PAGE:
Why Won't My Dog Poop on the Porch Potty?

**Please note: Dog training advice online is merely a starting point for information. Dogs, like humans, are complex in behaviors and temperaments, please seek further advice from your veterinarian or in-person dog trainer.

Community Question 1: Why does my dog pee on the Porch Potty, but won't poop on it?

It is natural for a dog to not want to pee and poop in the same spot. Needing a virgin space could be one of the major reasons for this. Several dogs also prefer different surfaces for peeing and pooping. Some may be habituated to certain preceding and following activities when it comes to relieving themselves.

Just like how some of us like to carry a newspaper or a magazine on the pot to get us going, many dogs like to step outside in the fresh air and keep things moving for better bowel movement.

Observe your dog closely around their potty time. What surface do they prefer? What activity do they do before pooping? Do they prefer isolation? Do they need your company?

Once you have answered these questions for yourself, try to replicate the scenario as much as you can around the Porch Potty. Dogs respond well to consistency.

Here are a few things to try:

  • Get your dog to play and be physically active around their pooping time.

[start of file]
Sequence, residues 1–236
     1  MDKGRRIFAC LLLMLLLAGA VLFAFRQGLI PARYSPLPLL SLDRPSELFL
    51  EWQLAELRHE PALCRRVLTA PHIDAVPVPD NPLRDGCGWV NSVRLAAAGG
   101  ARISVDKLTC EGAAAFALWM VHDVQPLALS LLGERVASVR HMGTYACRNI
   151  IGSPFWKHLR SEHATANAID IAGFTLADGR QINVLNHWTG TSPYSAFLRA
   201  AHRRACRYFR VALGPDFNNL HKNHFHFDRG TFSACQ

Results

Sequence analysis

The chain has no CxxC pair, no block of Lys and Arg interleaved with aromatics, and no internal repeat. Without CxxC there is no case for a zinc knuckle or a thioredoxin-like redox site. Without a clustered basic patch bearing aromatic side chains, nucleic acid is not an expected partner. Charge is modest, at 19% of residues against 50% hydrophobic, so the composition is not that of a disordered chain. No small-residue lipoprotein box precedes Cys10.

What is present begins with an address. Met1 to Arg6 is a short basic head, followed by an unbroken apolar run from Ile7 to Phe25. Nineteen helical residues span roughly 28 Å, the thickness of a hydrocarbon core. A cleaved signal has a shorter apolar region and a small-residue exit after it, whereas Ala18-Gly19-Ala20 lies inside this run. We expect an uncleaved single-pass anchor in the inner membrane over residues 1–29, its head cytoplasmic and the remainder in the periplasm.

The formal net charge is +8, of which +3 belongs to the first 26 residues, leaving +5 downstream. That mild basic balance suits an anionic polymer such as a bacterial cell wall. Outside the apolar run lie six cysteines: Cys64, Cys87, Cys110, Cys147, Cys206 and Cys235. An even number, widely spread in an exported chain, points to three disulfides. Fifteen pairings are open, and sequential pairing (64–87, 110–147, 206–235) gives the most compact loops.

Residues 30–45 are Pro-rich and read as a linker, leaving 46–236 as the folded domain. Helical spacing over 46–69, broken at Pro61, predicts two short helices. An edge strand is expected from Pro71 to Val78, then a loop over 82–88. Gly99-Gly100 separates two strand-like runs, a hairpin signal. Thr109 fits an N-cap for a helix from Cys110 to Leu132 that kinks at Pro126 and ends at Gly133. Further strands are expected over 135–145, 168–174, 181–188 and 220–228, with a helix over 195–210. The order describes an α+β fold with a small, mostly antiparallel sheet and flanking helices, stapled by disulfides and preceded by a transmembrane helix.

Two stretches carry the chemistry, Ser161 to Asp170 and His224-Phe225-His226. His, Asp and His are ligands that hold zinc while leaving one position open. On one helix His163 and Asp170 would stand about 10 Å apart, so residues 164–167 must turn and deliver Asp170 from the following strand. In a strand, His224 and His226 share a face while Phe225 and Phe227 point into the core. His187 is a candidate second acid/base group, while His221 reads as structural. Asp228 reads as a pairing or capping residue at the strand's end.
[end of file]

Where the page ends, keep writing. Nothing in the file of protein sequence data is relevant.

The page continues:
• Engage in physical activities around the Porch Potty so if your dog feels the need to go, they have an outlet readily and closely available.
  • Have a leash on your dog to lead your dog to the Porch Potty rather than trying to pick them up and physically put them on it.
  • Reward immediately and keep things positive.
  • Keep distractions to a minimum. Having too many things around the Porch Potty could distract your dog from the main objective.

Community Question 2: Can I potty train two puppies on the same Porch Potty?

Yes and no. Your puppies would be able to answer this question best. In several households, it is common for two puppies to use the same indoor spot to relieve themselves. This could be a result of puppies wanting to mark their territories by constantly overlapping scents or seeing and learning behaviors from each other.

If your puppies are motivated by the above reasons, they could very well learn to use the same Porch Potty.

However, this cannot be guaranteed because every dog has a certain preference in terms of surface, location, preceding and following activities, etc. It is also possible that they begin to use the same Porch Potty but one of them may choose to grow out of it and may prefer another spot.

Here are some tips you could use while training two puppies to use the same Porch Potty:

  • Have a bigger surface area by investing in a larger Porch Potty.
  • Make sure to thoroughly clean the Porch Potty after each pup uses it. Many dogs don't like to pee or potty in an already-soiled area.
  • Have a divider in the middle of the Porch Potty and lead your pups on either side of it
  • Combine two Porch Potties.
  • Use attractants to draw your pups towards the Porch Potty.
  • Take one puppy at a time to potty. Taking both puppies together may distract them and they may end up playing with each other.
  • Reward heavily.

Community Question 3: I have a new puppy that I would like to train to use the Porch Potty. Should I avoid taking my puppy outside to potty until he uses it consistently?